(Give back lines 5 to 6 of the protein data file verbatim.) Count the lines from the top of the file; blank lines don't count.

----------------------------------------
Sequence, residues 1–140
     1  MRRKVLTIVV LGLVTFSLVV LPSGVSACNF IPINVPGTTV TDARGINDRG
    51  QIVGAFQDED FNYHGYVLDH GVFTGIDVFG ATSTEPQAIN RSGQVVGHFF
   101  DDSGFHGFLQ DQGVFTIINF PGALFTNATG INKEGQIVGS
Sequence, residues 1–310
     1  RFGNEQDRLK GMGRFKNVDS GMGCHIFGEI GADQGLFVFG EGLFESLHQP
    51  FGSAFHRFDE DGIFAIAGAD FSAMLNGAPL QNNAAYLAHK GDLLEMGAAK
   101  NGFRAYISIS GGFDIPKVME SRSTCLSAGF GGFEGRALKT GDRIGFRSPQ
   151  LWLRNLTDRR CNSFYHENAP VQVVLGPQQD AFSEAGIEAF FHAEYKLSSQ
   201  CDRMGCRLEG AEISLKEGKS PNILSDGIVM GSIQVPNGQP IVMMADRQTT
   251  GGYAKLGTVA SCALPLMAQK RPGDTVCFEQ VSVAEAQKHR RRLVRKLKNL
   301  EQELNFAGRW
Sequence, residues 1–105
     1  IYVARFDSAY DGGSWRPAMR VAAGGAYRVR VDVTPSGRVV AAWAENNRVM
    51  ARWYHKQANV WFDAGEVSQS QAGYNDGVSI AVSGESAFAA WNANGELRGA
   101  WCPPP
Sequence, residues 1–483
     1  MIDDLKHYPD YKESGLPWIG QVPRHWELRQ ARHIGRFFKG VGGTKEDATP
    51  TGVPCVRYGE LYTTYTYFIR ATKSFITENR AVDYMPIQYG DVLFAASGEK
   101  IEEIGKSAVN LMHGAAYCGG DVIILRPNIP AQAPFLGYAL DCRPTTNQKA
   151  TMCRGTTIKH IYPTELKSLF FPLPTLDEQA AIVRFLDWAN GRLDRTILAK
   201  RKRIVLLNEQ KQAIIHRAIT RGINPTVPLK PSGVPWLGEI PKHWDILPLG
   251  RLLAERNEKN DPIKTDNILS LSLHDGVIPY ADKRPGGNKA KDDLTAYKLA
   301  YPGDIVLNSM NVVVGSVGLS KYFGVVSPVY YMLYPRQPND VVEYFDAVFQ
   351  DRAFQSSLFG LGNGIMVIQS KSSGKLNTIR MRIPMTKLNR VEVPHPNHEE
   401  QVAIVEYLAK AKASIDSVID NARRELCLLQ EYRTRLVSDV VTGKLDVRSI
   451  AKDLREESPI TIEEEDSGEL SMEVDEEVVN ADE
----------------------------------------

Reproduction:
Sequence, residues 1–310
     1  RFGNEQDRLK GMGRFKNVDS GMGCHIFGEI GADQGLFVFG EGLFESLHQP